there are also some twins that have weird psychic powers, not unlike all of the vampires in twilight. they foresee a dangerous fire that destroys the circus, exactly like what happened in geek love. ugh, this book. i see your references, morgenstern. because they are sloppy & obvious. it’s the twins who help find a solution, drafting some sad sack country boy into learning magic & taking over the circus so celia & marco can perform their little bit of hocus pocus & lead really sad ghost lives together. i bet living as a powerless apparition got real old real fast, but you know, they’re in love & that makes it all worthwhile. dude, i am in love too but that doesn’t mean that i would be totally okay spending eternity embraced by my lover & never getting to, like, take a bath & read a book. i don’t know.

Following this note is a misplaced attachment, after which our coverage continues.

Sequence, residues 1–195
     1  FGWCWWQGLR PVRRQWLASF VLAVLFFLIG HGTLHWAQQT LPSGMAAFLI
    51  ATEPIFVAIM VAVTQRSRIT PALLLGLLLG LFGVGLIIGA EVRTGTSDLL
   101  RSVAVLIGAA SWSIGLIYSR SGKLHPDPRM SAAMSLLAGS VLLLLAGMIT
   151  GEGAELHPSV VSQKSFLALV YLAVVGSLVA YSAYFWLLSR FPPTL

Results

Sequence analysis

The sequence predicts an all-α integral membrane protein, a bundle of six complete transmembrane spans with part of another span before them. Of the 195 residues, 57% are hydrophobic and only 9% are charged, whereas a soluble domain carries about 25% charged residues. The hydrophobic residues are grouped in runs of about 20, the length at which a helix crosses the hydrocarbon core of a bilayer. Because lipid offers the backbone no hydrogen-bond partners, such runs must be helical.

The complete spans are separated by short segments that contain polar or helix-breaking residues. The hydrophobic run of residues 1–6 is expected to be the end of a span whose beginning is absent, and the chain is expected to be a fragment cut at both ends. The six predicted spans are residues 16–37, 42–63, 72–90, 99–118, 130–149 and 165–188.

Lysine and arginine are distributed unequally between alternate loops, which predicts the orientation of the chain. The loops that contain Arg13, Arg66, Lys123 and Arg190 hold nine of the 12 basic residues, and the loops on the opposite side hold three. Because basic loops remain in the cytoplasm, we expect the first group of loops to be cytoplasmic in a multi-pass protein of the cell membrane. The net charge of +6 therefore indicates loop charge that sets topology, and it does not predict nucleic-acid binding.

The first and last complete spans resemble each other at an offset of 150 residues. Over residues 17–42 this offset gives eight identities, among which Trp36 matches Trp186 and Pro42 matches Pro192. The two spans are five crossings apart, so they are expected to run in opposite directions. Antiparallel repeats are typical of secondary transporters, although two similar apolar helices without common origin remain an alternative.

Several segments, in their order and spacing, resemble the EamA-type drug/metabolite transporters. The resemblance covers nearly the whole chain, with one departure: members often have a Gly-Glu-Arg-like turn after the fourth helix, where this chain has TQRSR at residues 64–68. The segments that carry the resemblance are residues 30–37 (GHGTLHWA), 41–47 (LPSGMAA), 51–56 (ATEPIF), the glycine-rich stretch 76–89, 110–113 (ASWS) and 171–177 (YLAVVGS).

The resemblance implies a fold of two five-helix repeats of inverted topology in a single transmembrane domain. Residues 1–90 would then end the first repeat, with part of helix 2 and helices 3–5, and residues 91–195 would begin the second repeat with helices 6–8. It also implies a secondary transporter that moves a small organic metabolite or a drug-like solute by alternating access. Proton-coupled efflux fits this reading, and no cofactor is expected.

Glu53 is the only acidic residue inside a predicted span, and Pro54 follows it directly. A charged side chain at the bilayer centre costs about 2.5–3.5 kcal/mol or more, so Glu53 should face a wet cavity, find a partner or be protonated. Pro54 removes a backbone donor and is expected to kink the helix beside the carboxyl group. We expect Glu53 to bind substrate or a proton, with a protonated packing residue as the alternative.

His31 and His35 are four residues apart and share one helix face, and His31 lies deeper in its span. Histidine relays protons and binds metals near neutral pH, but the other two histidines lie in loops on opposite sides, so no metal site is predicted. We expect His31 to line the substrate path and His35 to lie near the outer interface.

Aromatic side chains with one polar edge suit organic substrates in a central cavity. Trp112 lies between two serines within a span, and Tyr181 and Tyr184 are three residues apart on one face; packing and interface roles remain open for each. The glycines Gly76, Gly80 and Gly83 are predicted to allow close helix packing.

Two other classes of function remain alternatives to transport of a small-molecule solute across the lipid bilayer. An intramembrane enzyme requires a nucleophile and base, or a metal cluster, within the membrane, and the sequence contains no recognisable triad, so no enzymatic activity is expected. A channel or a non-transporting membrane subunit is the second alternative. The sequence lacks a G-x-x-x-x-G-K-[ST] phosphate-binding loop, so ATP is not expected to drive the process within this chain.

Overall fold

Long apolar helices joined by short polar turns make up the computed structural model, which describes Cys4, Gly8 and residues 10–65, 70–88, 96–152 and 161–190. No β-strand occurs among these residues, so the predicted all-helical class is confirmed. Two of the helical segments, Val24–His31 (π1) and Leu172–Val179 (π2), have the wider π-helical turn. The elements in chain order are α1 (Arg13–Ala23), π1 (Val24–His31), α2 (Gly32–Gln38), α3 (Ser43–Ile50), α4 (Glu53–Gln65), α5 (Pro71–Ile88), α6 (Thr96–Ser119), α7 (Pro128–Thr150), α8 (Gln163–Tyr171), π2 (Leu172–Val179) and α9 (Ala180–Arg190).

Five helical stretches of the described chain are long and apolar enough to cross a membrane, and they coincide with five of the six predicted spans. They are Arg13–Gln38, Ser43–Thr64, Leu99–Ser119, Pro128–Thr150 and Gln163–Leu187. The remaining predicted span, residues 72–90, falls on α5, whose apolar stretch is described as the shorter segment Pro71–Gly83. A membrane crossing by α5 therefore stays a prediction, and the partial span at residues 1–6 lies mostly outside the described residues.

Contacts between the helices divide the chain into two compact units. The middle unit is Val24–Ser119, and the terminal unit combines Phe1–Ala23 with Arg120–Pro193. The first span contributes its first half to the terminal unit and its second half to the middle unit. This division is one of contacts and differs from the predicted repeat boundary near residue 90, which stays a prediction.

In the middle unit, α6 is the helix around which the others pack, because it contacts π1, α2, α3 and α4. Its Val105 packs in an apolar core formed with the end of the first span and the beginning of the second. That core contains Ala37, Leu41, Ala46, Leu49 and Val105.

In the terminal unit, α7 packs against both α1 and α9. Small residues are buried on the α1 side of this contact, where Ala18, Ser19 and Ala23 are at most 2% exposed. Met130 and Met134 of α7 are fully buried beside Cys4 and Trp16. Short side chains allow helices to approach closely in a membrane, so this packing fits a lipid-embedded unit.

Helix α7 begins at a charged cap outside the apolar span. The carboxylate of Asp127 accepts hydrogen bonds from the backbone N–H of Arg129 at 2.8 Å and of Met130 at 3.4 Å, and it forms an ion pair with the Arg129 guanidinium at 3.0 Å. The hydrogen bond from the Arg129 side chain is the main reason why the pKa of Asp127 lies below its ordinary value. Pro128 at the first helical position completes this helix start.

i guess that if you are the kind of person for whom sumptuous, descriptive writing trumps a completely derivative & non-sensical storyline & poorly sketched-out, tedious characters, you will have a field day with this book. i know writing classes tell authors to show not tell, but that only really works if all the showing you’re doing is actually TELLING a story. this book. i don’t even.